The week-long hashing and rehashing of matchups for the Stanley Cup final is exactly why the Super Bowl turns me off: Two weeks are needed to hype one game? Really? Thankfully this half-as-long dry spell is as long as we go between playoff series.
By the grace of NBC, we're finally here. We're finally going to see the last hockey of the 2009-10 season, every other night until
God cancels the finals and moves the Cup to Winnipeg to please Canada's top columnists someone wins four. I'm going to be on a walkabout for Game 4, so this series better not be a sweep. I bet I get my wish. (Well, that wish; my bigger wish -- that neither team wins -- would entail other calamities I'd rather not ponder. Alas.)
After the jump: the obligatory prediction, a review of how we voted in the conference finals, and some links and sundry.
Before we get to finals talk:
- Expanded version of Kiril Kabanov's comments on leaving Russia and committing to North America. I'm going to try not to let myself get nervous simply because Islanders draft guru Ryan Jankowski is the first one quoted there.
- At TSN, under the related videos section, you can find decent 1-on-1's with several of the top prospects. I can confirm that Erik Gudbranson is very big and well-spoken. I can also confirm Brett Connolly is likewise big. I can only speculate that the VO2 is a ritualized form of hazing performed by NHL personnel on each year's pledges.
- How to turn a Bettman press conference into as many headlines as possible: 1) No, the Islanders and Kings are not for sale (shock!); 2) Bettman is irked by the IIHF's general snootiness, to the point he hopes participation becomes
another bargaining chipa topic in the next CBA.
- At the end of this Sportsnet notes column, more (of the same) theories on the Islanders' canceled China training camp.
How We Voted
Considering the Habs' ability to stick around despite long odds, and the Flyers' needing seven games and a miracle to get there, it's not surprising most of us had that series going 6 or 7.
The outcome here didn't surprise me: I was pretty sure Chicago was the better team, and I thought the goalie battle was a wash. But the route to that outcome -- a sweep in four pretty close games -- was a big letdown. (I had Hawks in 7, so you know I was expecting some great hockey for two full weeks.) One lonely voter called that one right, though the majority did pick the right winner:.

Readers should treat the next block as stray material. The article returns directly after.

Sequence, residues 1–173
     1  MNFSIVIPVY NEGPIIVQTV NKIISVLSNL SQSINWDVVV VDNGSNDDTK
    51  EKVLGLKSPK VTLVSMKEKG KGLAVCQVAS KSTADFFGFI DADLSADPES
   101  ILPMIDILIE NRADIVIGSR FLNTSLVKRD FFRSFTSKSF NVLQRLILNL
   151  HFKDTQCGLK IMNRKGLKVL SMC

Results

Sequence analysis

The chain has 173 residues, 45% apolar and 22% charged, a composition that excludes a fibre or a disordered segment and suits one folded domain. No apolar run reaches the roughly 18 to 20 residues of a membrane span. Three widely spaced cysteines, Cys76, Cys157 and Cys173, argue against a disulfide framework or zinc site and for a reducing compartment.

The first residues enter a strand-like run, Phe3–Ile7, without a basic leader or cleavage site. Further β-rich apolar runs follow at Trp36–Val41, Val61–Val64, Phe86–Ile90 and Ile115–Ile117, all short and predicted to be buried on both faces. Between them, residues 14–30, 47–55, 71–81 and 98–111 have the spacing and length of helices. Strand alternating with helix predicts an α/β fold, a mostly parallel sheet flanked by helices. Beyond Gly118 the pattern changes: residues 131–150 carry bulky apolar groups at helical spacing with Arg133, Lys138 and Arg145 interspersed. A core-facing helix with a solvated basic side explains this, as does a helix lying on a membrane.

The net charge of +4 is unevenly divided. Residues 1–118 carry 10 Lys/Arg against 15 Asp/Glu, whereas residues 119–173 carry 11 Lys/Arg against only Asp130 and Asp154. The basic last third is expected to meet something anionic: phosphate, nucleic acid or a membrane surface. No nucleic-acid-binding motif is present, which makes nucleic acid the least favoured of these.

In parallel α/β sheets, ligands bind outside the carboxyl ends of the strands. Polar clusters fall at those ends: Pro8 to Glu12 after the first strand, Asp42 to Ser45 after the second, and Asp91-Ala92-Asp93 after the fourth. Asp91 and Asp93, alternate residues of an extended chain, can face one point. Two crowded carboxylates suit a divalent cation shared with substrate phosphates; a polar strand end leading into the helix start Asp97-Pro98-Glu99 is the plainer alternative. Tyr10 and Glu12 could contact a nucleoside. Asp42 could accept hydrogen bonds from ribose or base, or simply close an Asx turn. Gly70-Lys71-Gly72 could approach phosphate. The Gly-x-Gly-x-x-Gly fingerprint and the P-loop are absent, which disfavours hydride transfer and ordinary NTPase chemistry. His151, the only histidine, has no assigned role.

Here's hoping the finals deliver what the semifinals could not.
I've already bored you with my lament that I historically do not like either team. As a partisan fan, I wish they'd cancel the series via lockout or Black Sox scandal. But as a hockey fan I'm doing my best to grow up and appreciate the story, the greatness at the heart of NHL hockey: At the end of this battle, some group of rabid fans under 40 -- or 60, in Chicago's case -- will see the first Stanley Cup of their lives. That's pretty cool.
What Philadelphia needs to win:
- For Chris Pronger, at age 35, to have the series of his life
- For Michael Leighton to continue to be good enough
- For Antti Niemi to have at least one implosion game
- For the Flyers to get scoring three lines deep, which means staying healthy and lucky
- For the "Young Immature Hawks" to make a return appearance after it looked like they'd put that side to bed
- For Joel Quenneville to be a little slow with adjustments after things go wrong
What Chicago needs to win:
- Just play their game, letting their talent and depth prevail
- Don't let the media's super-focus on Pronger convince them that he's actually playing 60 minutes
- Check Pronger. Repeatedly. (They have the infantry to do it.)...
- ...but don't take stupid penalties in the process.
- Don't let Leighton outplay Niemi by such a margin that it matters.
The Hawks should win this -- I'll say Chicago in 6, while fearing it will take only 5 -- but the teams are close enough that a few good breaks and a few bad performances could turn it for Philadelphia.
The Hawks are still young, but they haven't really looked it during these playoffs. They look like a team that's come together and acquired that calm confidence where they know they're good, and they know they can take all comers. Of course, what if they get off on the wrong foot...?